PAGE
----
The Privatization of Health Care Reform: Legal and Regulatory Perspectives

By M. Gregg Bloche | Go to book overview

this is not a book about whether or to what degree health care should be provided or paid for by government versus the private sector. Rather, the essays in this volume address challenges that rapid change in the medical marketplace present for the law and for regulatory policymakers. The authors start from the premise that systemic, state-sponsored overhaul of the American way of paying for and providing health care is unlikely in the foreseeable future. Courts and regulators, the authors therefore presume, must make do with the current patchwork of legal regimes that cover health care.

The legislators and judges who crafted these legal regimes did so without medical care specifically in mind. Indeed, the drafters of the statutory schemes that have most shaped the medical marketplace had no inkling that their handiwork would apply to the health sphere. American health law is thus a story of unintended consequences. The confusion, incoherence, and serendipity that have ensued is a central theme of the essays in this book. Another, related theme is the mismatch between law's pursuit of consistency within doctrinal spheres—for example tort and contract, antitrust, and the statutory scheme governing employees' fringe benefits—and the singular complexities of health care markets and institutions. The resulting fragmentation of health care lawmaking has foreclosed coordinated, system-wide policy responses. Beyond this, lack of national consensus on many of the central questions in health care policy has translated into legal contradiction and bitter controversy. These questions include the extent to which access to medical care should track (or depart from) prevailing distributions of wealth; how doctors, hospitals, and health care payers should limit clinical spending; how regulatory powers ought to be spread among federal, state, and local government; and when autonomy, privacy, and other ethical concerns should constrain public and private decision makers.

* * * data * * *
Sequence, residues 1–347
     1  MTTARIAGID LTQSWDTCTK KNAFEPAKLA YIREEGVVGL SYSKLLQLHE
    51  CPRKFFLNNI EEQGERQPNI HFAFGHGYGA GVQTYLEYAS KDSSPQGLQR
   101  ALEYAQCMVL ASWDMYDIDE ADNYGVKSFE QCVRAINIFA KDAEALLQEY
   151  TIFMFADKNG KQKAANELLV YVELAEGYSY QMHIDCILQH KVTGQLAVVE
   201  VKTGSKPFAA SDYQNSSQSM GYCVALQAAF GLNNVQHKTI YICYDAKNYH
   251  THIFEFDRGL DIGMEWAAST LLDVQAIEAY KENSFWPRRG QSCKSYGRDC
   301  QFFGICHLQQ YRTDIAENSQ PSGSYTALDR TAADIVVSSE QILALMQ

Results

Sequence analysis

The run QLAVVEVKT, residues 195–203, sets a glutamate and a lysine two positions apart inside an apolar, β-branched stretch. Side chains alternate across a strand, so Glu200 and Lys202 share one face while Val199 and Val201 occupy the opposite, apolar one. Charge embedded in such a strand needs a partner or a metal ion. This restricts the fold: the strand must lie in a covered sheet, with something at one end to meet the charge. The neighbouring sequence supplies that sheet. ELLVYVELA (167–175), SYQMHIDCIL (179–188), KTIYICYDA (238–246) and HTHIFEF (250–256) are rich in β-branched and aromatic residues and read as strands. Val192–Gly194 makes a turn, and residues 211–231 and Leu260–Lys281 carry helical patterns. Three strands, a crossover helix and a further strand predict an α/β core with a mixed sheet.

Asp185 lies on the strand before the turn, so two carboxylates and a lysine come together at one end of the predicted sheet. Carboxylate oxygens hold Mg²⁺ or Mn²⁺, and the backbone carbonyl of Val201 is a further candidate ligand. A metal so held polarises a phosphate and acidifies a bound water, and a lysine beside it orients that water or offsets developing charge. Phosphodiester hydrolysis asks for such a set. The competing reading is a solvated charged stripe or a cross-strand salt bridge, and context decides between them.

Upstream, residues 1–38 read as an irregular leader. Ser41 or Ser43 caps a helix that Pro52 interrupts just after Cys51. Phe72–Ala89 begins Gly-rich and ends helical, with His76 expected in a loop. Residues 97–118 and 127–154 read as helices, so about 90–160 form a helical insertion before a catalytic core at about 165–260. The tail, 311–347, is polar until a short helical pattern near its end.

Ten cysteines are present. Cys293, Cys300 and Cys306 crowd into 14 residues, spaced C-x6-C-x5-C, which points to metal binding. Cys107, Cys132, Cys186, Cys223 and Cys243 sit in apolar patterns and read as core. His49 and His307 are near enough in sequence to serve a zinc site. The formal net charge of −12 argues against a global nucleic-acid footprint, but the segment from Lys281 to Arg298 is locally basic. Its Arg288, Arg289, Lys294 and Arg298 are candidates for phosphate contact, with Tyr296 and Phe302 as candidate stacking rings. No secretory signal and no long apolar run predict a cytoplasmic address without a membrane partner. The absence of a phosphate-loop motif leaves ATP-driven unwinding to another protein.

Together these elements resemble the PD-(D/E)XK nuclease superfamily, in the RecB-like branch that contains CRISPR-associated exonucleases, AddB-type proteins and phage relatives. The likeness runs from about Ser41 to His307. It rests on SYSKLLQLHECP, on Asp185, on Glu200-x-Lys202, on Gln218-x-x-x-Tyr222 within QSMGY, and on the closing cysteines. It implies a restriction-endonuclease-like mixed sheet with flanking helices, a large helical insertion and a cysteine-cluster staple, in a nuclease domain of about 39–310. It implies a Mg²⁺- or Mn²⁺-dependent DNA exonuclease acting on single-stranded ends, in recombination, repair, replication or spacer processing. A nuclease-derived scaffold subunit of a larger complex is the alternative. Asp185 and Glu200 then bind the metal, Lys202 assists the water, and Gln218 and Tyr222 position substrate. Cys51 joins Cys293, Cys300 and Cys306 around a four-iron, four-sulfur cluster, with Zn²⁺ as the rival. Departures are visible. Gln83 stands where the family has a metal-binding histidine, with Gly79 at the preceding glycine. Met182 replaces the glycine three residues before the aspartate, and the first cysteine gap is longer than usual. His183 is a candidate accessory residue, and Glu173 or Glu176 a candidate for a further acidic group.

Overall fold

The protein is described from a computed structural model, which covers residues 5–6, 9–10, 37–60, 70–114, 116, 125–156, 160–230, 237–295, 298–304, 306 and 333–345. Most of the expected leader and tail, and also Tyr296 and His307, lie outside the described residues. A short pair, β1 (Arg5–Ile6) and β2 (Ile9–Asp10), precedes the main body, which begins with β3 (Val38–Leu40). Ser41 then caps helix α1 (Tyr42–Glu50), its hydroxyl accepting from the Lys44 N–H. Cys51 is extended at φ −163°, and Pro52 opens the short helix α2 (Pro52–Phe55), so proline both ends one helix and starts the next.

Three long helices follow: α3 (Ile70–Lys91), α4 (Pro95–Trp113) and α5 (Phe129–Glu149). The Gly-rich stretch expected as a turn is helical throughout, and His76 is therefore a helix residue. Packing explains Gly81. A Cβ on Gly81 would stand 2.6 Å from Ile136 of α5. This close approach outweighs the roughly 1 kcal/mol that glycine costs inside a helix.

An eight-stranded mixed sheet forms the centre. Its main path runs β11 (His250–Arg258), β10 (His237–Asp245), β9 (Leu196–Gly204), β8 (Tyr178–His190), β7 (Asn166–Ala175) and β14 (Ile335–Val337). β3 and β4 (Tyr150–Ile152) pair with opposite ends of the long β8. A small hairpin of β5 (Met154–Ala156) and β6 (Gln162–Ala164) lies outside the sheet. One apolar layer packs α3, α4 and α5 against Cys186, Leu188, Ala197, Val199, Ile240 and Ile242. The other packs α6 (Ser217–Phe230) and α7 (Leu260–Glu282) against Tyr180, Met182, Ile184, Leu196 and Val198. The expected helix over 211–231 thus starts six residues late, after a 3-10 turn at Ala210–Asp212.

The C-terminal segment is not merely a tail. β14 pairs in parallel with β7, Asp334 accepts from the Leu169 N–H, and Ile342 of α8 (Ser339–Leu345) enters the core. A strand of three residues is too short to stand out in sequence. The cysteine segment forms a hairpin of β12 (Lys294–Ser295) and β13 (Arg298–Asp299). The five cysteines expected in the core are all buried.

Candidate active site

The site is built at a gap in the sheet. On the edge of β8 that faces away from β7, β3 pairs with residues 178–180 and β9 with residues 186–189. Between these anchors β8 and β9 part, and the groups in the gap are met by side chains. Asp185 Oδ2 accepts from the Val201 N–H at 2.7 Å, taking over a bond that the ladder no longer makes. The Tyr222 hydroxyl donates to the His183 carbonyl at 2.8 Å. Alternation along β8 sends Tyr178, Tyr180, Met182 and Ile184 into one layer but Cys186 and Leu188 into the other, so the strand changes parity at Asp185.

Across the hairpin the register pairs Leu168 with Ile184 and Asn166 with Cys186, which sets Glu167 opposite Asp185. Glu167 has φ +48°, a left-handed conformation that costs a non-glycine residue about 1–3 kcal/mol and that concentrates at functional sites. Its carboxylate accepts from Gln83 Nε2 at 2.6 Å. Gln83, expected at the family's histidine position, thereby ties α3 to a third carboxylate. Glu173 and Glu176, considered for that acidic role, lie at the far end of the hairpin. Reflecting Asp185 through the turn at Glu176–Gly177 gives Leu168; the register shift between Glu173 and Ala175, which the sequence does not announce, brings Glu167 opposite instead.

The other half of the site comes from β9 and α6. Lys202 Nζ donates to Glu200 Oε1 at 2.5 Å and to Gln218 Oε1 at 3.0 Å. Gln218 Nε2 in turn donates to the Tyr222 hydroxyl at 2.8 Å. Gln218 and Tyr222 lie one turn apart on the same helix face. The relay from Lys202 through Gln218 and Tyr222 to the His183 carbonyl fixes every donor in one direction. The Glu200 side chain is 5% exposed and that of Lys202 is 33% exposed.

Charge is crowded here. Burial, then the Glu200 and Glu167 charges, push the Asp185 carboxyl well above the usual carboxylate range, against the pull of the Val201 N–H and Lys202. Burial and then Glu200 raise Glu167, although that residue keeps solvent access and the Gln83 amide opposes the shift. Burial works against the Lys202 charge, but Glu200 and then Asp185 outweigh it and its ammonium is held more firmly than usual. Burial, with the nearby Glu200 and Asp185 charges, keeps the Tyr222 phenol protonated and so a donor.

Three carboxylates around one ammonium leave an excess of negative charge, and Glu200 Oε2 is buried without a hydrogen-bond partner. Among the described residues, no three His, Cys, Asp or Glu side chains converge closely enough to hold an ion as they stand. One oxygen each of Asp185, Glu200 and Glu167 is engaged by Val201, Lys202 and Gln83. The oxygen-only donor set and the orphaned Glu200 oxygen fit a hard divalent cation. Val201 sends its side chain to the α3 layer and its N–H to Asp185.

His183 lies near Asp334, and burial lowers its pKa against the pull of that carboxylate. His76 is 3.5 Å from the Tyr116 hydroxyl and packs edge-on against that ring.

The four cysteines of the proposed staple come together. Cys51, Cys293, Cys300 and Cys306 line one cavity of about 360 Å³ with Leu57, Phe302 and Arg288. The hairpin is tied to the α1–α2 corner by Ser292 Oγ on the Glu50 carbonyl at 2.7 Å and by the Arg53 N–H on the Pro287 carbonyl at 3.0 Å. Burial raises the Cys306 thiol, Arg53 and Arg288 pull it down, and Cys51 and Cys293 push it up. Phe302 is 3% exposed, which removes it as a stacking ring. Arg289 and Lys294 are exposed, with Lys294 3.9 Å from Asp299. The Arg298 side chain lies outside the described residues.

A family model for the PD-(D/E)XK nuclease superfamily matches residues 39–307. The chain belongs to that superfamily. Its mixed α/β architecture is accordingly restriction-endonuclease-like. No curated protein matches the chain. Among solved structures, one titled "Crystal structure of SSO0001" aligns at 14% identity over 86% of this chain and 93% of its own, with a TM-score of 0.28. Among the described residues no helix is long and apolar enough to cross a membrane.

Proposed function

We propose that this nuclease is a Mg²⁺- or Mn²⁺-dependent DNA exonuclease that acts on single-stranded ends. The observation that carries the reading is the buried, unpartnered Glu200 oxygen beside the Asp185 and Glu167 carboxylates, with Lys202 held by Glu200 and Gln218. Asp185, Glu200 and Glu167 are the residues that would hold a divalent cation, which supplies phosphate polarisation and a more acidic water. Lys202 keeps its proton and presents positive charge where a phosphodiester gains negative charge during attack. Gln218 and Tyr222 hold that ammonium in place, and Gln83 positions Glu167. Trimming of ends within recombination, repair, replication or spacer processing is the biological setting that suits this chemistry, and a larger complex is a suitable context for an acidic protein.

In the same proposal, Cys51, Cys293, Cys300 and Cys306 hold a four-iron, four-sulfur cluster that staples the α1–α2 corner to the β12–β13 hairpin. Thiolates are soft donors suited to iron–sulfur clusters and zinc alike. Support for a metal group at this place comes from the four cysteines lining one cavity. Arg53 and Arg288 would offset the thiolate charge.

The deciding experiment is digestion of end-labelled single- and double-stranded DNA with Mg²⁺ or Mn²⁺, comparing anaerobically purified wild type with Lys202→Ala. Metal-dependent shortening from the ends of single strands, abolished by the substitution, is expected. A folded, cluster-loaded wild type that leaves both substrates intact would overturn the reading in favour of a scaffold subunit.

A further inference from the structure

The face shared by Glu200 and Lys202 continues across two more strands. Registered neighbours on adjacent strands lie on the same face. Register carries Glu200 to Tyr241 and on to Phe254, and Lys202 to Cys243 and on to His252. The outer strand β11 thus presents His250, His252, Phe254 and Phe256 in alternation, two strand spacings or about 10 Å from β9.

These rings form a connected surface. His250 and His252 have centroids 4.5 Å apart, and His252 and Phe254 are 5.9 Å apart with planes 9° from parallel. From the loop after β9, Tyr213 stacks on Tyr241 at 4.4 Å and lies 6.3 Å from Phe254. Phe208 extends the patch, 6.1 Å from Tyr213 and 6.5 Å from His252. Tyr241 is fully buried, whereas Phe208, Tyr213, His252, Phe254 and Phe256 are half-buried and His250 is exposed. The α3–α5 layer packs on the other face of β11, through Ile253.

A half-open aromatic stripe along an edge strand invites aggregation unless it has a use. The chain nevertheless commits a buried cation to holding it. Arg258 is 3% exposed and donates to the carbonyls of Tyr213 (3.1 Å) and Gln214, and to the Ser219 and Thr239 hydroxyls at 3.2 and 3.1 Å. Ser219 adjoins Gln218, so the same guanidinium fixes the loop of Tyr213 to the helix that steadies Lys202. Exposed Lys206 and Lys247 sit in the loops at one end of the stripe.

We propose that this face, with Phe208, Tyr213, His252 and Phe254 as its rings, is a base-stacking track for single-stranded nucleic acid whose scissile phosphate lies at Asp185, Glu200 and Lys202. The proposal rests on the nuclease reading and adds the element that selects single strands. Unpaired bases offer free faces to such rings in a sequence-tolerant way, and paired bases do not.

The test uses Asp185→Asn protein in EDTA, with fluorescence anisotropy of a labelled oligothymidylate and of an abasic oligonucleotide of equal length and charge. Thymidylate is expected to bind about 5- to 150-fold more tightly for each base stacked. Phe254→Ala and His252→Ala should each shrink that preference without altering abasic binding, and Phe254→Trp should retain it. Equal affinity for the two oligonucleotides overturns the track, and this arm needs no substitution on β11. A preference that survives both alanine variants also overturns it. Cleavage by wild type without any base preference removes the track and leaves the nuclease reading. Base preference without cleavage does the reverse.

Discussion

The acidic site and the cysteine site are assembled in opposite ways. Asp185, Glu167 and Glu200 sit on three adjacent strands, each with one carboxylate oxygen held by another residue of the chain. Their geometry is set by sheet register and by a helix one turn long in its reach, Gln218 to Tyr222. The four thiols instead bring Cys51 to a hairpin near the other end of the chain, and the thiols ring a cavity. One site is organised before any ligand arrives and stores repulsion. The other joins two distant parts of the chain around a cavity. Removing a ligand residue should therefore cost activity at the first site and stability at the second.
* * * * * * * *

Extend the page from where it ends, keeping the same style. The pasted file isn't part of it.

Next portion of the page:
The speed of entrepreneurial development poses further challenges for health care lawmaking, challenges that several of the chapters in this volume consider. Courts, legislatures, and regulatory agencies are slow, unwieldy decision makers, rarely able to keep pace with private innovation. The very constraints that render judicial and regulatory authority legitimate in a democratic society—norms of due process, reasoned decision making, citizen participation, and political accountability—limit government's ability to gather information and to act quickly and efficiently.1

Some might object to this book's treatment of the medical marketplace as a given—and to the authors' inattention to the possibility of state action to supplant the role of market forces. In the eyes of many market skeptics, government's failure to so act has little to do with popular preferences and much to do with corporate political influence. Seen from this vantage point, analysis aimed at making markets work better errs by accepting a way of doing things that serves the wealthy and the powerful at the public's expense. To be sure, corporate money and webs of influence helped to quash the Clinton Administration's health reform

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